Hello World! in more detail

The previous chapter focused on building the Hello World! example while this chapter will focus on the code itself; what has to be done to code this small example.

Hello World! DataType

Data-Centric Architecture

By creating a Data-centric architecture, you get a loosely coupled information-driven system. It emphasizes a data layer that is common for all distributed applications within the system. Because there is no direct coupling among the applications in the DDS model, they can be added and removed easily in a modular and scalable manner. This makes that the complexity of a data-centric architecture doesn’t really increase when more and more publishers/subscribers are added.

The Hello World! example has a very simple ‘data layer’ of only one data type HelloWorldData_Msg (please read on). The subscriber and publisher are not aware of each other. The former just waits until somebody provides the data it requires, while the latter just publishes the data without considering the number of interested parties. In other words, it doesn’t matter for the publisher if there are none or multiple subscribers (try running the Hello World! example by starting multiple HelloworldSubscribers before starting a HelloworldPublisher). A publisher just writes the data. The DDS middleware takes care of delivering the data when needed.


To be able to sent data from a writer to a reader, DDS needs to know the data type. For the Hello World! example, this data type is described using IDL and is located in HelloWorldData.idl. This IDL file will be compiled by a IDL compiler which in turn generates a C language source and header file. These generated source and header file will be used by the HelloworldSubscriber and HelloworldPublisher in order to communicate the Hello World! message between the HelloworldPublisher and the HelloworldSubscriber.

Hello World! IDL

There are a few ways to describe the structures that make up the data layer. The HelloWorld uses the IDL language to describe the data type in HelloWorldData.idl:

1module HelloWorldData
3  struct Msg
4  {
5    long userID;
6    string message;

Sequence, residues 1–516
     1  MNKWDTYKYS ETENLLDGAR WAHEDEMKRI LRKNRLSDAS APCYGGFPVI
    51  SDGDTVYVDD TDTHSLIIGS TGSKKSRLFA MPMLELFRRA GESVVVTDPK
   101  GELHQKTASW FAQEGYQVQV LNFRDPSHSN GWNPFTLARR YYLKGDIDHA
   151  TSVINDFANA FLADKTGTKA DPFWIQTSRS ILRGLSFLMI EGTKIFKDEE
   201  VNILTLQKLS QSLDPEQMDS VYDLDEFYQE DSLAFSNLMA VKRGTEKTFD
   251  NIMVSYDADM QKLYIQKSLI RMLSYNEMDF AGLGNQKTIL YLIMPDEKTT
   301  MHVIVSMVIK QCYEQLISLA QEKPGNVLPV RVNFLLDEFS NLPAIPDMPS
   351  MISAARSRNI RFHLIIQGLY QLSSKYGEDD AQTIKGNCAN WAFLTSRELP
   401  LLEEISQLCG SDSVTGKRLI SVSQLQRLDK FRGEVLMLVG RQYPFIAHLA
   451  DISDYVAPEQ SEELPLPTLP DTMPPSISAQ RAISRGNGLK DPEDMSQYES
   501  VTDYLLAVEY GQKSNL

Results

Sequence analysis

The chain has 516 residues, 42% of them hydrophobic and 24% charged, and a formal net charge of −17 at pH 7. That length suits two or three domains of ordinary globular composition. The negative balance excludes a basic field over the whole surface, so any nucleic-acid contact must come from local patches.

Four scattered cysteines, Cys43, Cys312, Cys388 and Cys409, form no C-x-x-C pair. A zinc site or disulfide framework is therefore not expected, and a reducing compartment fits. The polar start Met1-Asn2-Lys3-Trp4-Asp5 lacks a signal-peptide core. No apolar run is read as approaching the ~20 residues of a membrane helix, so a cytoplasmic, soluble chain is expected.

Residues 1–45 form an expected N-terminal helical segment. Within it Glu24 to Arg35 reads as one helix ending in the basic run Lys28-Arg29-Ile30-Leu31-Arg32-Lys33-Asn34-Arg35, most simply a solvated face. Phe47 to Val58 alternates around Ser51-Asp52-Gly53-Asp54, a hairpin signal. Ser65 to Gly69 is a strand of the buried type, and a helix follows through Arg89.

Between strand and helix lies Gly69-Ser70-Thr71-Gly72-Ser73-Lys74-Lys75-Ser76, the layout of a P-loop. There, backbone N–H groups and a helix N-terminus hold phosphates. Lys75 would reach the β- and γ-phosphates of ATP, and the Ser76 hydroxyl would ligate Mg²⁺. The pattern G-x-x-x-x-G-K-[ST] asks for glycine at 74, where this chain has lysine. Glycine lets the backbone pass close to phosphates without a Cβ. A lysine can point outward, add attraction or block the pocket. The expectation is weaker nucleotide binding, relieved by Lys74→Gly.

7  };
8  #pragma keylist Msg userID

An extensive explanation of IDL lies outside the scope of this example. Nevertheless, a quick overview of this example is given anyway.

First, there’s the module HelloWorldData. This is a kind of namespace or scope or similar. Within that module, there’s the struct Msg. This is the actual data structure that is used for the communication. In this case, it contains a userID and message.

The combination of this module and struct translates to the following when using the c language.

typedef struct HelloWorldData_Msg
  int32_t userID;
  char * message;
} HelloWorldData_Msg;

When it is translated to a different language, it will look different and more tailored towards that language. This is the advantage of using a data oriented language, like IDL, to describe the data layer. It can be translated into different languages after which the resulting applications can communicate without concerns about the (possible different) programming languages these application are written in.

Generate Sources and Headers

Like already mentioned in the Hello World! IDL chapter, an IDL file contains the description of data type(s). This needs to be translated into programming languages to be useful in the creation of DDS applications.

To be able to do that, there’s a pre-compile step that actually compiles the IDL file into the desired programming language.

A java application org.eclipse.cyclonedds.compilers.Idlc is supplied to support this pre-compile step. This is available in idlc-jar-with-dependencies.jar

The compilation from IDL into c source code is as simple as starting that java application with an IDL file. In the case of the Hello World! example, that IDL file is HelloWorldData.idl.

java -classpath "<install_dir>/share/CycloneDDS/idlc/idlc-jar-with-dependencies.jar" org.eclipse.cyclonedds.compilers.Idlc HelloWorldData.idl

The HelloWorldType project within the HelloWorld solution.


The make datatype command.

This will result in new generated/HelloWorldData.c and generated/HelloWorldData.h files that can be used in the Hello World! publisher and subscriber applications.

The application has to be rebuild when the data type source files were re-generated.